Dr. Blake Van Leer had a colorful professional career ranging from service in three separate universities to service as a Colonel in World War II. Following his return from service in WWII, Dr. Van Leer became the 5th president of Georgia Tech in 1944. As president, Dr. Van Leer continued the policies and dreams of his predecessor, president Brittain, and took steps to continue Tech’s progress towards a leading research center and away from the Institute’s trade school roots. Additionally, as president during the early 50’s, Dr. Van Leer took bold steps to advance the social policies of Georgia Tech. Under his tutelage, Georgia Tech admitted its first women, Diane Michel and Shirley Clements, and Dr. Van Leer also took steps towards the school’s integration. An interesting fact is the Dr. Van Leer’s own daughter, Maryly, could not attend Georgia Tech for chemical engineering as the school did not admit women when she applied. Finally, president Van Leer is also responsible for changing the school’s name from the “Georgia School of Technology” to the “Georgia Institute of Technology” in 1948.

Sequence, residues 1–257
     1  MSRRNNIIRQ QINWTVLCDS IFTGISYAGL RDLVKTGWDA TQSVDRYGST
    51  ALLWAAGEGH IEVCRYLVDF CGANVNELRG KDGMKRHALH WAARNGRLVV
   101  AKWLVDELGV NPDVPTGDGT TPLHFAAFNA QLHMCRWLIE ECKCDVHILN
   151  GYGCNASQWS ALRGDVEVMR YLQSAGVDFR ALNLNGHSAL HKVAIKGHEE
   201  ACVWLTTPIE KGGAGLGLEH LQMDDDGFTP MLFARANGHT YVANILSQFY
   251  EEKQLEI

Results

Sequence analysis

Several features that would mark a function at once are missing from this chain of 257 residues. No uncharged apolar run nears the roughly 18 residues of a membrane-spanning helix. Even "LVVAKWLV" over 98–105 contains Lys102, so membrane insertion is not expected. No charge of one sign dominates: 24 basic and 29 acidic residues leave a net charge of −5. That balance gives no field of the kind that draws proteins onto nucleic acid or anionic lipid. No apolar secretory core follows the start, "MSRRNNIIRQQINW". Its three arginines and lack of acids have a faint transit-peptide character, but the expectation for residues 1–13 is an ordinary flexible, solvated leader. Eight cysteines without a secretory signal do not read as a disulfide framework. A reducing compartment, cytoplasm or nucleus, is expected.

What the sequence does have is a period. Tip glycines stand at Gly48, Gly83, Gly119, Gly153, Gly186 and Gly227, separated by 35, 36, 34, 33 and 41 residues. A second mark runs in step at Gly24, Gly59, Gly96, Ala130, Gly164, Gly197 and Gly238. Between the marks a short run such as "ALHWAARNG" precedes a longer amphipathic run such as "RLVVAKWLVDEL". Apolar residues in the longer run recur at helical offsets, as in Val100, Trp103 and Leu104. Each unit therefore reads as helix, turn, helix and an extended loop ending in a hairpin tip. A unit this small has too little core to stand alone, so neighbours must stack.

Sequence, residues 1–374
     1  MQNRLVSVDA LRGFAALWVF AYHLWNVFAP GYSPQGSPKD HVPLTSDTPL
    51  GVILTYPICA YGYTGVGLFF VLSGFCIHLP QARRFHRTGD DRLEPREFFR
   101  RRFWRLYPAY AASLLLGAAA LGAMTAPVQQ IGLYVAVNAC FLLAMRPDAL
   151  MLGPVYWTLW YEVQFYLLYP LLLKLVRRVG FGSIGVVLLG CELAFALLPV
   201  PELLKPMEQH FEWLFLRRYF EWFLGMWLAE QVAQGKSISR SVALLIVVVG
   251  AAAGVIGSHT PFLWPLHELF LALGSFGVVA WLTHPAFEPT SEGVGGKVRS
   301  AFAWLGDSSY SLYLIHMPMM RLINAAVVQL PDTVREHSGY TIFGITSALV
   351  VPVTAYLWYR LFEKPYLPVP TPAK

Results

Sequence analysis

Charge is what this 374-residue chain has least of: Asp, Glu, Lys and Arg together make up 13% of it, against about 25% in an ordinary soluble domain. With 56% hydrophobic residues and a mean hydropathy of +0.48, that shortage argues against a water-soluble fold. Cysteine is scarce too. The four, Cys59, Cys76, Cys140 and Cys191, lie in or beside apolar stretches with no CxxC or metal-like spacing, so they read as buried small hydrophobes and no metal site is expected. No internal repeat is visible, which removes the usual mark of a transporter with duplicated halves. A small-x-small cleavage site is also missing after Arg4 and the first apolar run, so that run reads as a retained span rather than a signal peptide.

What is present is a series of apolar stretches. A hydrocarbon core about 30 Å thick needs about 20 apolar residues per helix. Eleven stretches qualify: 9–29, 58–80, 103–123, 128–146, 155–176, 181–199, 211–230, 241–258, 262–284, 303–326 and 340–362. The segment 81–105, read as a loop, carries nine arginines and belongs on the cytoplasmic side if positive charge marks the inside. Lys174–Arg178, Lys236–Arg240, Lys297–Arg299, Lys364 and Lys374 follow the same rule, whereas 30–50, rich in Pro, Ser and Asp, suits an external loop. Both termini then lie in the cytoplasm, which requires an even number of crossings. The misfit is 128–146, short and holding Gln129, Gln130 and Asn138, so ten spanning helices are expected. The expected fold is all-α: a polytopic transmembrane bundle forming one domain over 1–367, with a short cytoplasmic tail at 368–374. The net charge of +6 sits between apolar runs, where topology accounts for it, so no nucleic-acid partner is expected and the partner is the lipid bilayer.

- President of Georgia Tech
- Dean of Engineering at NC State
- Colonel in US Army